Advice trips up board, again

For the second time in less than a year, the Nevada Attorney General's office has accused the Washoe County School Board of an open meeting law violation for following the advice of the school board lawyer.

At the Oct. 28 meeting, local resident Karen Dunaway was attempting to criticize the firing of school district police chief Mike Mieras by Superintendent Pedro Martinez when—according to the AG opinion—board counsel Randy Drake interrupted her remarks on the ground that Martinez had not been notified of the topic. Board member Barbara McLaury, who was presiding at the session, also said that Dunaway's comments were inappropriate.

Board member David Aiazzi disagreed, saying that the notification requirements applied to business before the board, not to the public comment period. But Drake's reading prevailed, and Dunaway was not permitted to complete her statement.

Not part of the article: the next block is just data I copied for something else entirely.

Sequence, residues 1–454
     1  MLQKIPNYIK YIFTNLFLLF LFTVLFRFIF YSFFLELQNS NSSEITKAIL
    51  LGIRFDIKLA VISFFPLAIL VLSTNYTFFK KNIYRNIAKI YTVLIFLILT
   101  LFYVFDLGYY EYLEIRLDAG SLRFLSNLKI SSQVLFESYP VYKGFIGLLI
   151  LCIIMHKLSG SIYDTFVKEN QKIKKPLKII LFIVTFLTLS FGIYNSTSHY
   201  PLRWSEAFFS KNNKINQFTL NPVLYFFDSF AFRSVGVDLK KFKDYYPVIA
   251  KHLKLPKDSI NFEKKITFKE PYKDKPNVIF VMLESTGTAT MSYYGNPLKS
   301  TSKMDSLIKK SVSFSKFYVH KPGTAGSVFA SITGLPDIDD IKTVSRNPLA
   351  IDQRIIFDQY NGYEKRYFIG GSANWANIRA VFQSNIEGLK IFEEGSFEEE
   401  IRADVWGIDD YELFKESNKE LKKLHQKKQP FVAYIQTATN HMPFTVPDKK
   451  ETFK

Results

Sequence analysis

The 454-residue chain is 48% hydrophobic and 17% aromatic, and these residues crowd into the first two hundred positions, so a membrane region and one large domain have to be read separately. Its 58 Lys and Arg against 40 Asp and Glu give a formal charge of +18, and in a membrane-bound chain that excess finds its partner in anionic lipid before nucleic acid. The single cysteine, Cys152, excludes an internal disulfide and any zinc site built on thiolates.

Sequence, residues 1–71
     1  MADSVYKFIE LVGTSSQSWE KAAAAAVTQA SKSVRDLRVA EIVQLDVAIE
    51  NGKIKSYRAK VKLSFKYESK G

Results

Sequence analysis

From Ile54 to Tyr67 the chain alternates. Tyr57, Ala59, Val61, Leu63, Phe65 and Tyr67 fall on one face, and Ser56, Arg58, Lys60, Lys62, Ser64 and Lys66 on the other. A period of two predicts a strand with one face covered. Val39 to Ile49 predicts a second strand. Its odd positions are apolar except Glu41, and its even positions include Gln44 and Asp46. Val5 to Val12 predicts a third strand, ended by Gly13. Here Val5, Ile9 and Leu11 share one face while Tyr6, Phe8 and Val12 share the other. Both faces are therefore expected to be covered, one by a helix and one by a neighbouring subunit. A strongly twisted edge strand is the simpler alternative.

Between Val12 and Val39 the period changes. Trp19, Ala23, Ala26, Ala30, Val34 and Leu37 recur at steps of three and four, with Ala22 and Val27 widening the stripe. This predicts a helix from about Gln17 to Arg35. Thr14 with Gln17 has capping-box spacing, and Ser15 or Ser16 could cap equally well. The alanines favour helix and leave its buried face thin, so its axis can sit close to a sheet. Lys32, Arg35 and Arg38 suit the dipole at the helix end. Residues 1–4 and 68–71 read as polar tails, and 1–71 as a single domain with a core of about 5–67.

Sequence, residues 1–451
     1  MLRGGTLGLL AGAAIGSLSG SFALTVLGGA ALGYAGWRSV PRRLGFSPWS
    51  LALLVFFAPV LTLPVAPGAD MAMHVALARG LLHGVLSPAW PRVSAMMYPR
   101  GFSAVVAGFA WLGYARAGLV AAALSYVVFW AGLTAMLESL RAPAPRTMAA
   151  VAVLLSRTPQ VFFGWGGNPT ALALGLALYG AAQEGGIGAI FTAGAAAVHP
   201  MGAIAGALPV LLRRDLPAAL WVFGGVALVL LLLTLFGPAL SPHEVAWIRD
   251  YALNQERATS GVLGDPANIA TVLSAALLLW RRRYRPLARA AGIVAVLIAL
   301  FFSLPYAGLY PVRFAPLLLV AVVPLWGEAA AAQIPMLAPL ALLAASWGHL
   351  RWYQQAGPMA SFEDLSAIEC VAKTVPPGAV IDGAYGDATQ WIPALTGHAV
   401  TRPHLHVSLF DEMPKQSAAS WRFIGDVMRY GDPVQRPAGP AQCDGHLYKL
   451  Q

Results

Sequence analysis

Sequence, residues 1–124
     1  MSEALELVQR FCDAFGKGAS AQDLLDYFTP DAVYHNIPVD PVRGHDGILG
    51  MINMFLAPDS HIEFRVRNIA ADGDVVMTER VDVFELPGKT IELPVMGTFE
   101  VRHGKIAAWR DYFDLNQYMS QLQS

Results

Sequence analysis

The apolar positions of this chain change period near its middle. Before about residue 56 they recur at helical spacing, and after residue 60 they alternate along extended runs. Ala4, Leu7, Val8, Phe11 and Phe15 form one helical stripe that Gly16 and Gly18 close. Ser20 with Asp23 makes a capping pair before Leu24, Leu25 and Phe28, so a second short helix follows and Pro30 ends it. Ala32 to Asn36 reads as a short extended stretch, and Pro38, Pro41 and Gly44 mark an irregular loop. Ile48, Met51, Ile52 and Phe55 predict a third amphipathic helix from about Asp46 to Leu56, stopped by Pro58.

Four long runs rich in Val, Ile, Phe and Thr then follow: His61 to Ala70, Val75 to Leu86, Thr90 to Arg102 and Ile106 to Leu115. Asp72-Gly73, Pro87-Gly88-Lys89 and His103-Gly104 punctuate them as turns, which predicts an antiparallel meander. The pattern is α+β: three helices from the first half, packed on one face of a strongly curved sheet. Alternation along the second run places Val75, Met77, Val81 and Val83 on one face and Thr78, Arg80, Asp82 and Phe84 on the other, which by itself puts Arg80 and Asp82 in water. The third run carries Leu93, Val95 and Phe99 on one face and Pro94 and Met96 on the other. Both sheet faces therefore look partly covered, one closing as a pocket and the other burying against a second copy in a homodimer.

The attorney general's opinion read in part, “Ms. Dunaway was not a member of a public body; therefore, the notice provisions of [the open meeting law] did not apply to her. … Chairperson McLaury's decision to stop Ms. Dunaway's comment was an unreasonable restriction on public comment and a violation of Ms. Dunaway's right to speak on a matter of public concern.” The opinion did not address Drake's conduct.

According to the Nevada Open Meeting Manual, prepared by the attorney general's office, “[W]hen members of a public body rely on advice of counsel, they should not be held to know that a violation occurred.”

The latest opinion was prepared by deputy attorney general George Taylor, who in 2013 wrote, “[P]ublic body members may be protected from penalties if the member has sought advice of counsel and acted in accordance with the advice.”